This implies that the majority of the missing gas would need to be replaced through purchases of Liquefied Natural Gas (LNG) on the world market, in particular, from the US. This option may first look very appealing. Indeed, the current gas price at Henry Hub, the main US natural gas distribution hub, is 4.68 USD/mmBTU (IMF Commodity Statistics, 2014). Even with the costs of liquefaction, transport and gasification – which are estimated to be around 4.7 USD/mmBTU (Henderson 2012) – this is way lower than the current price of Russian gas at the German border (10.79 USD/mmBTU, IMF).

However, this option is not going to be cheap. A substantial increase in the demand for LNG is likely to lead to an LNG price hike. Notice that, at the abovementioned prices, US LNG starts losing its competitive edge in Europe already at a 15% price increase. Just for a very rough comparison, the 2011 Fukushima disaster lead to 18% LNG price increase in Japan in one month after disaster. Some experts are expecting the price of LNG in Europe to rise as much as two times in these circumstances (Shiryaevskaya and Strzelecki, Bloomberg, 2014).

Moreover, it is not very likely that there will be sufficient supply of LNG, even at increased prices. For example, in the US, which is the main ”hope” provider of LNG replacement for Russian gas, only one out of more than 20 liquefaction projects currently has full regulatory approval for imports to the EU. This project, Cheniere Energy’s Sabine Pass LNG terminal, is planned to start export operations no earlier than in the 4th quarter of 2015 with a capacity of just above 12bcma (World LNG Report, 2013). Of course, there are other US and Canada gas liquefaction projects currently undergoing regulatory approval process, but none of them is going to be exporting in the next year or two. Another potential complication is that two thirds of the world LNG trade is covered by long-term oil-linked contracts (World LNG Report, 2014), which significantly restricts the flexibility of short-term supply reaction, contributing to a price increase. All in all, LNG is unlikely to be a magical solution for Russian gas replacement.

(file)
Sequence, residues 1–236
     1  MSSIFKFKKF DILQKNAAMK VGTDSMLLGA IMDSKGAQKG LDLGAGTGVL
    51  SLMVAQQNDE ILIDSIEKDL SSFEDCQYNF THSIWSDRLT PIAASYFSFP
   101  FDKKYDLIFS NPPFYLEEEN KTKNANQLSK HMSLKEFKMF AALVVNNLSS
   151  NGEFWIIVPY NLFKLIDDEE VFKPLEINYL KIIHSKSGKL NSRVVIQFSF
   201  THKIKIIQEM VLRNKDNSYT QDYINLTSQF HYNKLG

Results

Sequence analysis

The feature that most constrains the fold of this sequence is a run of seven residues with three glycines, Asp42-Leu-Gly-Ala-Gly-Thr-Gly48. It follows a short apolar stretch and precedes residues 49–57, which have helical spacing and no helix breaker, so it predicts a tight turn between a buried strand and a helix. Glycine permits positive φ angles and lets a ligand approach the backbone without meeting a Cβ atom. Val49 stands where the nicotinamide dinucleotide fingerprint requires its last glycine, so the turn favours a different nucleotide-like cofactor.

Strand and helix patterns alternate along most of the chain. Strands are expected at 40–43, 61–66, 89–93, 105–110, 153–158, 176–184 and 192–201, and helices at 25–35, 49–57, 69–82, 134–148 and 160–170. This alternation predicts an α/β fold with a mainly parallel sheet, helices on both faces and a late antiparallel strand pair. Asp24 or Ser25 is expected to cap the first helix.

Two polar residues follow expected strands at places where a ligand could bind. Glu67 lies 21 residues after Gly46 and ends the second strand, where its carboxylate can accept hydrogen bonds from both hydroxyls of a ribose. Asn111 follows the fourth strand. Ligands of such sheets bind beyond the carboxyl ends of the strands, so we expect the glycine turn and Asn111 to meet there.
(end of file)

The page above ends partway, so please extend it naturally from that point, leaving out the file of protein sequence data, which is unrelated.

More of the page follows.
All of the above discussion suggests that it may be prohibitively expensive for the EU to do completely without Russian gas. Maybe the adequate solution is partial? That is, shall the EU cut down on its imports of natural gas from Russia, by, say, a half, instead of completely eliminating it?

On one hand, this may indeed lower the costs outlined above, such as part of take-or-pay contract fines, or costs associated with an LNG price increase. On the other hand, cutting down on Russian gas imports may lead to an important additional problem, loss of buyer power by the EU.

Indeed, the dependence on the gas deal is currently mutual – as outlined above, not only Russian gas is important for the EU energy portfolio; the EU also represents the largest (external) consumer of Russian gas, with its 55% share of the total Russian gas exports. In other words, the EU as a whole possesses a substantial market power in gas trade between Russia and the EU, and this buyer power could be and should be exercised to achieve certain concessions, such as advantageous terms of trade from the seller etc.

However, the ability to have buyer power and to exercise it depends crucially on whether the EU acts as a whole to exercise a credible pressure on Russia. That is, the EU Member States may be much better off by coordinating their energy policies rather than diluting the EU buyer power by diversifying gas supply away from Russia. This coordination may be a challenge given the Member States’ different energy profiles and environmental concerns. Also, such coordination requires a stronger internal energy market that will allow for better flow of the gas between the Member States. While demanding any of these measures would be double beneficial: they will improve the internal gas market’s efficiency, and at the same time reinforce the EU’s buyer power vis-à-vis Russia.

To sum up, the EU completely banning Russian gas imports does not seem a feasible option in the short run. In turn, half-measures are not necessarily better due to the loss of the EU’s buyer power. Thereby, the best short-term reaction by the EU may be to put the effort into working up a strong unified energy policy, and to place “gas at the very back end of the sanctions list” for Russia as suggested by the EU energy chief Gunther Oettinger (quoted by Shiryaevskaya and Almeida, Bloomberg, 2014).